So I happened to catch some of a Rays/Yankees game a couple weeks ago, and it was my first glimpse of a rising young star… Chris Archer. He pitched a 2 hit shutout.

Have you seen this guy pitch yet?

I had to do a double take. His motion is slow, smooth, almost effortless… but then the ball just explodes out of his hand. The thing that really struck me was his stride – he hardly seemed to be striding at all. And then BAM!!! 96 MPH…

And for a lot of us who spend time analyzing mechanics and working to help young pitchers maximize velocity, some of the things we tend to focus on (because you see it a lot among hard throwers) are good tempo, momentum, and all the things that usually lead to a long, powerful stride.

[h5]So it really got me thinking, “How is this guy throwing so hard?”[/h5] To give you an idea, here’s the only really good sample I was able to get of his delivery. Unfortunately it’s from his warm-up pitches last year, so not totally max effort. But while he definitely gets more momentum and power in the game, based on what I saw the other night, it’s not dramatically different.

And here are a couple of photos from game action – not a long stride, by any measure.

Chris-Archer-Pitching-Short-Stride
 
 
 
 
 
 
 
 
 
 
 
 
 

But, what’s also clear is that he’s obviously doing enough things well to generate a lot of power and whip in his delivery.

Take a look at his torque or hip to shoulder separation. Notice his front knee action in the video above and at pitch release in the photo. Take a look at that intense facial expression – no doubt Archer understands training with the intent to throw hard.

Are there benefits to a longer stride? Sure. One of them is the idea of greater perceived velocity. The ball gets on the hitter quicker (it’s said that every foot closer you release the ball to home plate equals 3 MPH in terms of a hitter’s reaction time).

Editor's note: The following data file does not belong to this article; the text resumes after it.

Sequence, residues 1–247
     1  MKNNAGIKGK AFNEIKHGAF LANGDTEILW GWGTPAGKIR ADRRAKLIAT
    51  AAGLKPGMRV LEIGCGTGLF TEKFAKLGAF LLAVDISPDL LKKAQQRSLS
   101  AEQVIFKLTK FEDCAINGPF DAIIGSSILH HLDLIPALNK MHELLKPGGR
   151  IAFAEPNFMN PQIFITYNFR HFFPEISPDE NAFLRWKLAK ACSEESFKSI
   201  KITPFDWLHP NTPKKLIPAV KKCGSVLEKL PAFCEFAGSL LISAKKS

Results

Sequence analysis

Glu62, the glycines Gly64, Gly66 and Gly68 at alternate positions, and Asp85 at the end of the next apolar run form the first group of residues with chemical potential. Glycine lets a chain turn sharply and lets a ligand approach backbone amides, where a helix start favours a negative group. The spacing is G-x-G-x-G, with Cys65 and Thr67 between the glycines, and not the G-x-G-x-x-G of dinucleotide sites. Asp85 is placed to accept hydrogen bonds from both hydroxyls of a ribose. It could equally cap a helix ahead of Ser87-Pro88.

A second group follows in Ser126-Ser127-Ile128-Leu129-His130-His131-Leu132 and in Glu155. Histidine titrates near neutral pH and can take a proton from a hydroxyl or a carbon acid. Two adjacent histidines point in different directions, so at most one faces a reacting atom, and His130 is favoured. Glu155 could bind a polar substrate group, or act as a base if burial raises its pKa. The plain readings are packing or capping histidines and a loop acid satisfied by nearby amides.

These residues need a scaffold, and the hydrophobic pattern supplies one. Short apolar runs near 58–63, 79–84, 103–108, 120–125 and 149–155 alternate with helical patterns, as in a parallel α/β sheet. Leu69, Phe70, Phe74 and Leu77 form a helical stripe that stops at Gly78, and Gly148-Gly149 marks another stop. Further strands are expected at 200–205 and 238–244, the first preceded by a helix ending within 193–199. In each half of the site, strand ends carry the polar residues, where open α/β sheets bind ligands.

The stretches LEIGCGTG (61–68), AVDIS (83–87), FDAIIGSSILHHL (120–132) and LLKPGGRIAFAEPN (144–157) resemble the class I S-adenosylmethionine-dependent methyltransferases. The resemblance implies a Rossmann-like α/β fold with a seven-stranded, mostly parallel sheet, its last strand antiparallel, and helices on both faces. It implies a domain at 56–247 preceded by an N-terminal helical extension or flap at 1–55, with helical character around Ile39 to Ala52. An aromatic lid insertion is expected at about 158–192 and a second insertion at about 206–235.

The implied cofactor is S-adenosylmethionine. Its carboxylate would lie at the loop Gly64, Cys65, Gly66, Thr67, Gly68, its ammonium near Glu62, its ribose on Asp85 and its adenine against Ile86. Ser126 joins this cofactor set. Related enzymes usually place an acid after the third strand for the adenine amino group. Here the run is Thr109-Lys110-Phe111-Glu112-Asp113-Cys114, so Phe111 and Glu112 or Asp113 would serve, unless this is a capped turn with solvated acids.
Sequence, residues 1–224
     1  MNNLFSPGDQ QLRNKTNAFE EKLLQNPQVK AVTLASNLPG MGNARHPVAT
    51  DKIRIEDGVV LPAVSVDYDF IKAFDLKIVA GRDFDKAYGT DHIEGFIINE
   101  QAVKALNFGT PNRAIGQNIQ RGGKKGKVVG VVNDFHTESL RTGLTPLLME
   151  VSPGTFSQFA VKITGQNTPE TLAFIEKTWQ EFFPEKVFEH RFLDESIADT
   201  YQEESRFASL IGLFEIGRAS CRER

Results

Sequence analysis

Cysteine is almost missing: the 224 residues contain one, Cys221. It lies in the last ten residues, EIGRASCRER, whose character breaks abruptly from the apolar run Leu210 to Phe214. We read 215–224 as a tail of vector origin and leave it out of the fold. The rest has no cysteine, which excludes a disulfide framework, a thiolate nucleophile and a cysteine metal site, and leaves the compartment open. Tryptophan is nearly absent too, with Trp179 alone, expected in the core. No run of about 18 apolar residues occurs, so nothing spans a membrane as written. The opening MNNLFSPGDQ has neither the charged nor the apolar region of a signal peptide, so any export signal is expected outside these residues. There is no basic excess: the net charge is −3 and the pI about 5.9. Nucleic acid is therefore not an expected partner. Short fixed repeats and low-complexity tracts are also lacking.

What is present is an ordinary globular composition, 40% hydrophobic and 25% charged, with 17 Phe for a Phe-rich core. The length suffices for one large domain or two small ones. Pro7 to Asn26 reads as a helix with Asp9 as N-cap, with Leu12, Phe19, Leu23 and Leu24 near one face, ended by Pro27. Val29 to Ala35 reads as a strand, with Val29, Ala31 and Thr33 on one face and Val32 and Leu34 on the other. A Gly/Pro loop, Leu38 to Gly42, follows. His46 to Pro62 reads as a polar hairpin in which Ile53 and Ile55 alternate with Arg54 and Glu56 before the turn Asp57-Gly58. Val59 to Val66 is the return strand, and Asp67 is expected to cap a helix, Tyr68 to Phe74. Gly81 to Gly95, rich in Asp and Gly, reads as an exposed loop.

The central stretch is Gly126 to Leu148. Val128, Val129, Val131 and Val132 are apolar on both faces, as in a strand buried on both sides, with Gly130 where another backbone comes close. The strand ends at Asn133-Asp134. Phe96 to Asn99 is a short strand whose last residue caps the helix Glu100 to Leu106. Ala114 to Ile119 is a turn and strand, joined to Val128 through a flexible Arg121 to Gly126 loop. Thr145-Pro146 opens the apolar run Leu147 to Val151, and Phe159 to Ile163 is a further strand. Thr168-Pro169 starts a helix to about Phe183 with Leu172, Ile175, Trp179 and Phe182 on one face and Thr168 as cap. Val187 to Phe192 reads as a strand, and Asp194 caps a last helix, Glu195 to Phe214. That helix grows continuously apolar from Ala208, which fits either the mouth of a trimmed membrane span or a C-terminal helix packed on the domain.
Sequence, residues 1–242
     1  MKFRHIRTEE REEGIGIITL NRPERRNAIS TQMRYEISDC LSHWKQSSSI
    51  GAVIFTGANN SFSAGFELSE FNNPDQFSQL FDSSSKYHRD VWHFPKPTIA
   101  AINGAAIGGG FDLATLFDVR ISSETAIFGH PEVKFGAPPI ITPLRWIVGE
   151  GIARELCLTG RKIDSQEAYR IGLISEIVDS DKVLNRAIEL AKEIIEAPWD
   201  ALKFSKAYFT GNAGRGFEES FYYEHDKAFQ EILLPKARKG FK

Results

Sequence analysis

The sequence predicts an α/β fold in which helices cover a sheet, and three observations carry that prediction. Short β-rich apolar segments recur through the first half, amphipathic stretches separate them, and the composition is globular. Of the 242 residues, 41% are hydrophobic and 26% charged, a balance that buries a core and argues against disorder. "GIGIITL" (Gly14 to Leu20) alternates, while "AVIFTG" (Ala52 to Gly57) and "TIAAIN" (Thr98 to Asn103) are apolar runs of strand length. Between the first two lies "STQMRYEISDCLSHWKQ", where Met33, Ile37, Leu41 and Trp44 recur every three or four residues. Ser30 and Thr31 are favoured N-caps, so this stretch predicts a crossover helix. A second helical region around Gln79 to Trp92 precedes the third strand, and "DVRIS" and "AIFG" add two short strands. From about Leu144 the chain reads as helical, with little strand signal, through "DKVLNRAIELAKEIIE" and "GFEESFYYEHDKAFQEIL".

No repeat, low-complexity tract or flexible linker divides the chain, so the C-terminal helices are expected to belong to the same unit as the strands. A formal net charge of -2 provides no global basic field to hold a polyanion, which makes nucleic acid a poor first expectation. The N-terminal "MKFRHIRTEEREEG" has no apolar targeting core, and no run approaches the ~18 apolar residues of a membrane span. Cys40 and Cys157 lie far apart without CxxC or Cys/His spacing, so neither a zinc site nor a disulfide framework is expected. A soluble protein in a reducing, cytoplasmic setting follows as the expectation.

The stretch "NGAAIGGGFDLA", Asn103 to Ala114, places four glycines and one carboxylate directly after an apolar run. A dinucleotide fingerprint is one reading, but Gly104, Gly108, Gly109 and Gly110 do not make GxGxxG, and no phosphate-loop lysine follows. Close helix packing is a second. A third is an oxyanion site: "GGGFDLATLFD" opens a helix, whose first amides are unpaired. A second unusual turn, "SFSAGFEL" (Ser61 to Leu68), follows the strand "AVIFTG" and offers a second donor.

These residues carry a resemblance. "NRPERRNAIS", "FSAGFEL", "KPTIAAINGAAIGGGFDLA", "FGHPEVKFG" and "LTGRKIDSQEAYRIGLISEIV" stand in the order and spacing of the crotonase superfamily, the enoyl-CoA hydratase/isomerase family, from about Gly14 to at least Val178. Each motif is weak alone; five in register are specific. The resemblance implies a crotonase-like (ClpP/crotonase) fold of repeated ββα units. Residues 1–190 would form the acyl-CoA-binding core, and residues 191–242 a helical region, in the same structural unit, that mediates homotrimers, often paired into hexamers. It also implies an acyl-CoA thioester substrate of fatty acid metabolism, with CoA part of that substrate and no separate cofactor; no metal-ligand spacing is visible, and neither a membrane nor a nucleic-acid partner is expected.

But with his easy delivery (akin to the great Mariano Rivera) Archer almost lulls the batter to sleep, causing the ball to jump on the hitter with equal effect. And it really highlights something I’ve talked about before. When it comes to velocity, it’s not all about a longer stride: Why a Longer Stride Isn’t Always the Answer

Might Archer be leaving a couple MPH’s in the tank by not getting more momentum towards home plate? Possibly, but 97 isn’t too shabby…

And you also have to consider other factors:

[circle_list] [list_item]Maybe he doesn’t have the mobility or flexibility needed for a longer stride.[/list_item] [list_item]Maybe he’d wind up overstriding and losing some of that great rotational power and whip.[/list_item] [list_item]Maybe if he sped up he’d get out of sync and lose command of his pitches.[/list_item] [list_item]Maybe a longer stride would make it tough to finish off his breaking ball.[/list_item] [/circle_list] [h5]Every pitcher is different. Everyone has their own strengths and weakness[/h5]

It’s why I like to focus on helping pitchers develop a solid foundation for a good pitching delivery rather than adhering to set of “pitching mechanics.” That way they can work on the important things like Balance, Timing and Power and develop their own style around that.

Here’s another look… An “easy” 97 MPH…


PS – When it comes to managing your stride, one of the things to consider is how it affects your curveball. Shortening up a little with your stride can help you get over your front leg and avoid the dreaded “hanging curve.”

For more Free Curveball Training Tips head over to CurveballMastery.com

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